Accounts Payable

Operations – How Do Yours Measure Up?

Accounts Payable Operations – How Do Yours Measure Up?Are your Accounts Payable Operations measuring their performance?  If not, how can progress toward goals be determined? How can issues be identified before getting calls from Vendors?  Or worse, Management and Customers? 

Key Performance Indicators (KPIs) for Accounts Payable can cover everything from the productivity of each AP processor to whether invoices are paid on time or, if late, how late.  If resulting numbers are not as expected for a given process within a specific period, the root cause should be identified.  Was it a one-time anomaly or did something change that may affect future results as well?  Until the root cause is identified and corrected, the situation could affect the posting of financials, issues with cash flow, deterioration in Vendor relationships, delays in delivery of goods, etc.

Here are some examples of AP related KPIs to consider.  If the decision is made to measure performance, maintain a 12-month rolling trend analysis as well.

  • Number of invoices received per month – helps identify seasonal fluctuations
  • Number of invoices processed into the ERP per month – is the trend affected by things other than vacation periods?

If the number of invoices processed into the ERP is less than the number of invoices received, and the backlog is not growing, why aren’t all the invoices getting processed?  One common cause is the vendors are sending duplicate invoices.  Find out why the vendors are doing so.  Instruct them to stop. The receipt of duplicate invoices results in time wasted on attempting to post and/or in the risk of a duplicate payment. 

The “Number of invoices processed into the ERP per month” can also be used to determine the cost of invoice processing.  How do the costs compare to industry standards?

What is the average amount of time it takes AP Operations to process an invoice from the Invoice Date to the Posting Date recorded in the ERP?  Is it different for PO invoices than for Non-PO invoices?  If so, why?  It has been my experience that in a manual processing environment, the time from the invoice date to the posting of Non-PO invoices in the ERP takes longer since G/L account coding needs to be assigned and the invoices sent out for approval.  Or maybe the time lag between the date of shipment to the date of posting receipts causes PO invoices to take longer to process than Non-PO invoices.  If so, is there a delay between the physical receipt of the goods and the posting of the receipt into the ERP?  This issue, once identified, can be addressed.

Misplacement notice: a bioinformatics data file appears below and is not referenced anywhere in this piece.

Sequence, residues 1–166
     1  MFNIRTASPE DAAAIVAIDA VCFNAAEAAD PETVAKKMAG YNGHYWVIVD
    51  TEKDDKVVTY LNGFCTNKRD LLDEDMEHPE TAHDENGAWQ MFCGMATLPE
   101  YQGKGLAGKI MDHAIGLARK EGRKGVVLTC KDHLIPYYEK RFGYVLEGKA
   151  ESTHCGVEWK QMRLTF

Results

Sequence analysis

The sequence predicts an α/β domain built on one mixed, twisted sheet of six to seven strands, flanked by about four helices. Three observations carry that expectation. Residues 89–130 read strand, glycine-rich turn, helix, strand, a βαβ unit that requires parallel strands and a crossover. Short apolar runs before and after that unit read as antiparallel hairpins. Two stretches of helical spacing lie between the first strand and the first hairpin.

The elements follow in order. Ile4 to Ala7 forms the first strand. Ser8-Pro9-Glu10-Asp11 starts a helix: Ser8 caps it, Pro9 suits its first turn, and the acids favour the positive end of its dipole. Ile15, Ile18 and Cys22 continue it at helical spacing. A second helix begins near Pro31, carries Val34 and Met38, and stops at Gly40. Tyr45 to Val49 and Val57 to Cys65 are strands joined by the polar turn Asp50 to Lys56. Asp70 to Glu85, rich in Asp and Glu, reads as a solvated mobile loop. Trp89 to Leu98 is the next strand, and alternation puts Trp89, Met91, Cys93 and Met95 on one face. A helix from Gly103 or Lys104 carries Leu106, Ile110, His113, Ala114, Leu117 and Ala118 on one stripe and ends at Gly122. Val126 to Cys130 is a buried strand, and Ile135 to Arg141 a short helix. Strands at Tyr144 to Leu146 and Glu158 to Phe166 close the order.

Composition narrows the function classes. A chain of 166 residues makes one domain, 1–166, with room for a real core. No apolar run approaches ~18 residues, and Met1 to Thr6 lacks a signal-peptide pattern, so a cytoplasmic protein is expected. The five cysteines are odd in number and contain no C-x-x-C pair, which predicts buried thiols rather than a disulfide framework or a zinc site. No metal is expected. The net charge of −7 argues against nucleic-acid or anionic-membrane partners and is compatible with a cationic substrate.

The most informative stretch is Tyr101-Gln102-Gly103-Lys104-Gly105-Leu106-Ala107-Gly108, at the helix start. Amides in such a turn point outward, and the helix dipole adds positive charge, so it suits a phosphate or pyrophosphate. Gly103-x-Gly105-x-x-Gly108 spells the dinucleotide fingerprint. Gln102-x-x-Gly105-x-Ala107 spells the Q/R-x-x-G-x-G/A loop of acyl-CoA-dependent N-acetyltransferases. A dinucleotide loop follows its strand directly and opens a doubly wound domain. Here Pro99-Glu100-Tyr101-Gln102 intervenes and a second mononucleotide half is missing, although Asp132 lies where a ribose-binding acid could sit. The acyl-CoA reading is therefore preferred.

Another KPI to consider; number of invoices processed by each AP processor.  This measurement should not be used to compare one processor to another but to identify swings in numbers.  Is a processor experiencing issues that are affecting their work?  Are they dealing with invoices from a new vendor that are taking longer?  Or did a person take time off during the month that caused a fluctuation?  When need be, work with the processor as soon as possible to keep their production numbers up.

On occasion, senior management may ask AP if vendors are being paid on time.  Don’t assume that a lack of calls from vendors means they are being paid to terms.  Pull data from the ERP to determine the number of invoices, and dollars, paid early, paid on time and paid late.  If paid late, consider measuring the number of days late.  Tracking this KPI can alert a company to issues with invoices, POs, and possibly with vendors.  For example, is the company receiving invoices from the vendor promptly?

The list of possible KPIs for Accounts Payable can be lengthy. The intent of KPIs is to identify “problem” areas that can be improved. In a manual operation, the pulling and analysis of data could take half of a full-time person’s time depending on frequency of reporting and the ease of collecting data.  However, since the goals are to reduce issues and for the operations to become more efficient, this should be considered a small price to pay. 

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Anne Wheeler is the owner of CS Process Flows, providing consulting and project management in Accounts Payable. After a 30+ year career in various accounting areas Anne founded CS Process Flows. Her experience includes AP operations, identifying inefficiencies, and implementing solutions in existing teams.